KEATON: Here's the other thing when you think about it... the world has advanced technologically, I don't know, 1000 times faster than we have emotionally or psychologically... or maybe a million.  I don't know.  It's kind of the basis of what we tell in this movie, when people get in the discussion of possibility or potential, and also what the human can comprehend and can't comprehend.  When people get into parallel universes and all that, there's theories that there's way, way, way, way, way, way, way, way, way more out there than we could ever comprehend or we can see or know.  And it's right there in front of you, but your perception is only our perception.  So when you start thinking about it like that it's wide open, now it's wide open, you know what I mean?  Look what's around me, all these satellites.  I was working on this movie, talking to Katie Holmes' bodyguard or security guy, and he started talking about advances in how you track people and GPS and stuff like that.  He had a case of some strange guy, not with her but with another person.  And he started telling me things.  He said "Start paying attention to how many places have cameras and satellites, and cel phones", cause what you can do is track people, that's how a lot of celebrities get followed, they scan you or something.  And you have to get a thing on your mobile phone that de-scans it so they can't pick it up.  And then you start to think about all of this... Jesus.  I just barely understand what computers do, barely, so I'm probably perfect for these guys, they're just gonna come and get me.  In fact I'm too stupid!  They just look at me like I'm Bill and Ted.  "If we capture him and take him to out planet, he's too stupid to give us anything!"

MARK: They're gonna break into your house and program your VCR.

KEATON: Yeah!  Exactly.

MARK: Exactly.

His first impression after seeing the completed movie.

KEATON: I liked it, I thought it was all... I'm the worst person to ask about all this, because I'll sit here and go "Well you know I wish we could've gone back and get that thing, and do that."  You know if it were up to me I'd remake almost every movie I was in... and I would probably take myself out of a few of them.  You know, get another guy, this is a big mistake!  That's not true, some things I go "Hey you know what, that's it, it's fine, I'm cool with it."  But I'm a little perfectionistic, and it's not necessarily a good thing, I don't think.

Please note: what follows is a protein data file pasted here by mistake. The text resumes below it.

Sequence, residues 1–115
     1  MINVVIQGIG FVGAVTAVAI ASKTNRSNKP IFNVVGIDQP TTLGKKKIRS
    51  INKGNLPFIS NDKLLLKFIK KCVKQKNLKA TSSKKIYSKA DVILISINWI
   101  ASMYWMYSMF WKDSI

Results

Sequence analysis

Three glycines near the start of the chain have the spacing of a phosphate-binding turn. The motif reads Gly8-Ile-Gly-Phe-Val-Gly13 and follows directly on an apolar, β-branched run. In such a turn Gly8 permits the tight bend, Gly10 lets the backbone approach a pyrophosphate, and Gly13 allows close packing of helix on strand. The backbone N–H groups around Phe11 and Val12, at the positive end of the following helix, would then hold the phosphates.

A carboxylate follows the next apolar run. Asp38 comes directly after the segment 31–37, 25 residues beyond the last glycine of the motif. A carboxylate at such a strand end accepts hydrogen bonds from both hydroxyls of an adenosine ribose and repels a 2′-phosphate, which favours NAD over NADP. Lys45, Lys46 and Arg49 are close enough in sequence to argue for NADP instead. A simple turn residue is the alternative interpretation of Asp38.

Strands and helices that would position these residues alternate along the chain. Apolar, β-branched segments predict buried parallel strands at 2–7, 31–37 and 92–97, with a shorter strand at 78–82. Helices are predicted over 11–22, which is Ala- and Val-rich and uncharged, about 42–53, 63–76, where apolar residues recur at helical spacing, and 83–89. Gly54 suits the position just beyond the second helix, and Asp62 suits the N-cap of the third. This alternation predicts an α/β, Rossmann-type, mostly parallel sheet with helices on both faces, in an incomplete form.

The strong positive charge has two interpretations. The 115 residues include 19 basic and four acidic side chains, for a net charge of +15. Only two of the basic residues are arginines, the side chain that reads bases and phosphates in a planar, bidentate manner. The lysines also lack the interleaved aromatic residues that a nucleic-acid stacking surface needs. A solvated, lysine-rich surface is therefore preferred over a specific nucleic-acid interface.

Was there anything he expected to be different than it actually turned out?

KEATON: I thought I was taller.

PAUL BROOKS: This is an interview based on a serious movie.

MARK: I think he wanted to make it a comedy!

KEATON: No, no... no.  If you look at the first BATMAN though, this is an interesting thing to look at... there's a shot, and even then, to show you how far we've come technologically, even then we looked at and went "Aw man" but he had to do it.  It's a shot where, I can't remember, I look down over a building, and you see somebody has to get out of a car or building or something like that, it's so bad it's unbelievable.  That movie was so gorgeous, especially at the time, and visually different than anything... and then all of sudden there's a picture of this bogus little like cartoon guy.  Just weird.  Tim hated that, it drove him crazy.  But once again, couldn't fix it.  No time, no more money, gotta go with what you gotta go with.  And that was a big budget.

His thoughts on the next Batman movie.

KEATON: My prediction, I don't know anything about it, but I feel this way about it.  It's gonna be good, because he's a really good actor, and that's a really good director.  And they've had years and years and years, and hundreds of millions of dollars, or at least tens of millions of dollars to figure it out.  I say it's gonna be good.  I picture it's gonna be good.  And also, I swear to God it's not an "I told you so", it's maybe an interesting thing, that when I didn't like the third script... I just said "I really don't like this, and I don't want to do it" cause what I wanted to do, is what I'm told and I don't know if this is true yet so don't hold me to this until I see it, but I'm told it's more a prequel.  And that was what I thought would've been a hip way to go the third time.  This guy is so endlessly fascinating potentially, why not go and see how he got there.

His best Batman story.

KEATON: This is a two-fold story, it's a Jack Nicholson story and a Batman story.  He the greatest, and he's my friend.  He's unbelievably professional.  Part of his deal I think either on that movie or maybe on all movies, and don't hold me to this, but I think he just doesn't work until a certain time.  It's not like 3 in the afternoon, but it's not like 6 (am).  I think part of his deal was like 9 or something like that, you know reasonable, but don't expect him to show up before 9.  But he's unbelievable when he gets to work, and he's the best, and smart... hard worker, on his lines, everything, just a consummate pro.  But he'd come in and we'd be in the make-up room.  And he's such a sports fan, such a knowledgeable sports fan, and that was back when there wasn't as much good TV in London.

PAUL BROOKS: (sarcastically touchy) You ready?